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Open Access Publications from the University of California

Toward the Systematic Design of Complex Materials from Structural Motifs

  • Author(s): SMIDT, TESS Eleonora
  • Advisor(s): Neaton, Jeffrey B
  • et al.
Abstract

With first-principles calculations based on density functional theory, we can predict with good accuracy the electronic ground state properties of a fixed arrangement of nuclei in a molecule or crystal. However, the potential of this formalism and approach is not fully utilized; most calculations are performed on experimentally determined structures and stoichiometric substitutions of those systems.

This in part stems from the difficulty of systematically generating 3D geometries that are chemically valid under the complex interactions existing in materials. Designing materials is a bottleneck for computational materials exploration; there is a need for systematic design tools that can keep up with our calculation capacity. Identifying a higher level language to articulate designs at the atomic scale rather than simply points in 3D space can aid in developing these tools.

Constituent atoms of materials tend to arrange in recognizable patterns with defined symmetry such as coordination polyhedra in transition metal oxides or subgroups of organic molecules; we call these structural motifs. In this thesis, we advance a variety of systematic strategies for understanding complex materials from structural motifs on the atomic scale with an eye towards future design.

In collaboration with experiment, we introduce the harmonic honeycomb iridates with frustrated, spin-anisotropic magnetism. At the atomic level, the harmonic honeycomb iridates have identical local geometry where each iridium atom octahedrally coordinated by oxygen hosts a $J_{eff}=1/2$ spin state that experiences interactions in orthogonal spin directions from three neighboring iridium atoms. A homologous series of harmonic honeycomb can be constructed by changing the connectivity of their basic structural units.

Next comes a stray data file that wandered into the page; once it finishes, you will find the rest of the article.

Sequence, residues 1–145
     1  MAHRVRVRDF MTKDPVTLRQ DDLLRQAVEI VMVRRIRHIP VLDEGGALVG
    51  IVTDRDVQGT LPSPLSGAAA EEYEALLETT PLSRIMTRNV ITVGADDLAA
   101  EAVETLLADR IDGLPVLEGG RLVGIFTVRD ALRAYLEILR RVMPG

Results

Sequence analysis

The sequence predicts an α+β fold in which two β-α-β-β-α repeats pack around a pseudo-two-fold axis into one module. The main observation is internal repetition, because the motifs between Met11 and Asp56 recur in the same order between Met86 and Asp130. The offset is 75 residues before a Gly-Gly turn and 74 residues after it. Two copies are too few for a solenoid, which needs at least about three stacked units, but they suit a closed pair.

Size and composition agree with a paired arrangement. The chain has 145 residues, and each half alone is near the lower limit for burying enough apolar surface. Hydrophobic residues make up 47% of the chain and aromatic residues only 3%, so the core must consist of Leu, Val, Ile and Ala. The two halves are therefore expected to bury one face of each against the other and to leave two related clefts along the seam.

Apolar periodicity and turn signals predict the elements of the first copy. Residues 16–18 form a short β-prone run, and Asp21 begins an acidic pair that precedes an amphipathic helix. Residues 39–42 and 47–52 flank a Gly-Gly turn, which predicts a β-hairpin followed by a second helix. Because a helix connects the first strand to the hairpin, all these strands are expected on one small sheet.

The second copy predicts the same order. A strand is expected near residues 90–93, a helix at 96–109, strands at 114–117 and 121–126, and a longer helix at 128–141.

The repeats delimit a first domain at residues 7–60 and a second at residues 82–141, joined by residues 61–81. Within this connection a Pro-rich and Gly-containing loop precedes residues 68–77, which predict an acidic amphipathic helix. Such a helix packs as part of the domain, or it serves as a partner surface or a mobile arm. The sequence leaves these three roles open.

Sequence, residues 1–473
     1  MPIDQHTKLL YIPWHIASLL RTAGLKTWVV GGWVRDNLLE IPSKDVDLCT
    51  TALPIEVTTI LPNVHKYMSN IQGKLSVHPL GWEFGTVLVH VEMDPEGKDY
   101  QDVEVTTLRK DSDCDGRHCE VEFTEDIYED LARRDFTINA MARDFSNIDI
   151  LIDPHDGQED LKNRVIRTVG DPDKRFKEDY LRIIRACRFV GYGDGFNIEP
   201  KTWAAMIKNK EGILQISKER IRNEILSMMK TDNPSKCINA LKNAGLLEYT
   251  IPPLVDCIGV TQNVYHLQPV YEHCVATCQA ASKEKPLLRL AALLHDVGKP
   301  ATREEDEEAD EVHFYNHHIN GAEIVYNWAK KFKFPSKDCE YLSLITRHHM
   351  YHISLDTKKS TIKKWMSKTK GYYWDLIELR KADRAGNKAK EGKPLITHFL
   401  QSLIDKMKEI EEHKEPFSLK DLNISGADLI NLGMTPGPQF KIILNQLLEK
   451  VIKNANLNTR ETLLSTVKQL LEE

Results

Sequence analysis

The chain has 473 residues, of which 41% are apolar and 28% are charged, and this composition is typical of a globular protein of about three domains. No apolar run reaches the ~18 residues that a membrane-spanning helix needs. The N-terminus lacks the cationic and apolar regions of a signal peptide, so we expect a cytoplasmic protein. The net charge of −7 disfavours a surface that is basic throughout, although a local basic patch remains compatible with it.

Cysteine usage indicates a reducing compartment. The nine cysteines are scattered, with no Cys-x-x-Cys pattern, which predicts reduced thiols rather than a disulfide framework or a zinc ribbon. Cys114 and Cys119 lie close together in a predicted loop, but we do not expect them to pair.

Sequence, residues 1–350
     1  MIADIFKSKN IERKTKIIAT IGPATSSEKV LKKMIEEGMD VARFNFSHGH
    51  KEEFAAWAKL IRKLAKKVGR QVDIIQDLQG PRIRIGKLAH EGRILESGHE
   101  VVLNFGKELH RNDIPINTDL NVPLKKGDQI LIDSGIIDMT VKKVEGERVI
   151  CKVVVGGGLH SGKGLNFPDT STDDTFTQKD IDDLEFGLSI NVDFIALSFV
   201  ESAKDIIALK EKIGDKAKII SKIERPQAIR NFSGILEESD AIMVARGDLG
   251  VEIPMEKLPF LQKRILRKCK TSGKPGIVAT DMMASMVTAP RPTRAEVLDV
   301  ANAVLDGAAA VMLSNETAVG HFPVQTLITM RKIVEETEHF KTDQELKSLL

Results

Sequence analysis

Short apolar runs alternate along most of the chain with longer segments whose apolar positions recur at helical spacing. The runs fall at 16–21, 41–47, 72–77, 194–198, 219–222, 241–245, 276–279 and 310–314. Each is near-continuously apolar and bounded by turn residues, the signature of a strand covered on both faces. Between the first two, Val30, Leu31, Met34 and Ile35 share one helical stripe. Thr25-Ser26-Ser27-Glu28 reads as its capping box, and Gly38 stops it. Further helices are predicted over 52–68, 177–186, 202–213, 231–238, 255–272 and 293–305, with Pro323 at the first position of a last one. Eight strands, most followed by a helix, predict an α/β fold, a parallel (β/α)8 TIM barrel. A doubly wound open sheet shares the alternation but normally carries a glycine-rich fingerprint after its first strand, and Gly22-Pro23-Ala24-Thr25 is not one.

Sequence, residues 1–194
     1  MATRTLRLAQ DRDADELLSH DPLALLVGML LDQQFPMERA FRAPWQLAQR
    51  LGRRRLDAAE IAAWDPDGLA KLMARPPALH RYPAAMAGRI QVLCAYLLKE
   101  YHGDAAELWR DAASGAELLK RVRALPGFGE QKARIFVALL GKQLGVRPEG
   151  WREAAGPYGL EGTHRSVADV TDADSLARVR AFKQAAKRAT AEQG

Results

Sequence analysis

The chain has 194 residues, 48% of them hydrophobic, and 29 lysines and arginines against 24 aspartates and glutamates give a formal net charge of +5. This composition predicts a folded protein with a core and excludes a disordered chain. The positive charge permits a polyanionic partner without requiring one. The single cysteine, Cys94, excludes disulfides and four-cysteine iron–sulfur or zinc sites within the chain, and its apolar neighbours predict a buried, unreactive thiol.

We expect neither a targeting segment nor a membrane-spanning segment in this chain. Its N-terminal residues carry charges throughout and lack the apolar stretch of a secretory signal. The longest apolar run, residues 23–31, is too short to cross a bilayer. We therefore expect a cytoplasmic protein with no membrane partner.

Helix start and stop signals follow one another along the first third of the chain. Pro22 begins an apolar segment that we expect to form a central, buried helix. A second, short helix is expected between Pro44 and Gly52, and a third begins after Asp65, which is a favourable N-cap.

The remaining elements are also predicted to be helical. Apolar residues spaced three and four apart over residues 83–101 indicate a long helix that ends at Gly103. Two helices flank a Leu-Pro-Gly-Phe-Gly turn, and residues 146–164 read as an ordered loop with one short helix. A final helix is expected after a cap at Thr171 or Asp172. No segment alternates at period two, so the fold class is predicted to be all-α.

Also in collaboration with experiment, we investigate the metal-organic chalcogenide assembly [AgSePh]$_\infty$ that hosts 2D physics in a bulk 3D crystal. In this material, inorganic AgSe layers are scaffolded by organic phenyl ligands preventing the inorganic layers from strongly interacting. While bulk Ag$_2$Se is an indirect band gap semiconductor, [AgSePh]$_\infty$ has a direct band gap and photoluminesces blue. We propose that these hybrid systems present a promising alternative approach to exploring and controlling low-dimensional physics due to their ease of synthesis and robustness to the ambient environment, contrasting sharply with the difficulty of isolating and maintaining traditional low-dimensional materials such as graphene and MoS$_2$.

Automated density functional theory via high throughput approaches are a promising means of identifying new materials with a given property. We automate a search for ferroelectric materials by integrating density functional theory calculations, crystal structure databases, symmetry tools, workflow software, and a custom analysis toolkit. Structural distortions that occur in the structural motifs of ferroelectrics give rise to a switchable spontaneous polarization. In ferroelectrics lattice, spin, and electronic degrees of freedom couple leading to exotic physical phenomena and making them technologically useful (e.g. non-volatile RAM).

We also propose a new neural network architecture that encodes the symmetries of 3D Euclidean space for learning the structural motifs of atomic systems. We describe how these networks can be used to speed up important components of the computational materials discovery pipeline and generate hypothetical stable atomic structures.

Finally, we conclude with a discussion of the materials design tools deep learning may enable and how these tools could be guided by the intuition of materials scientists.

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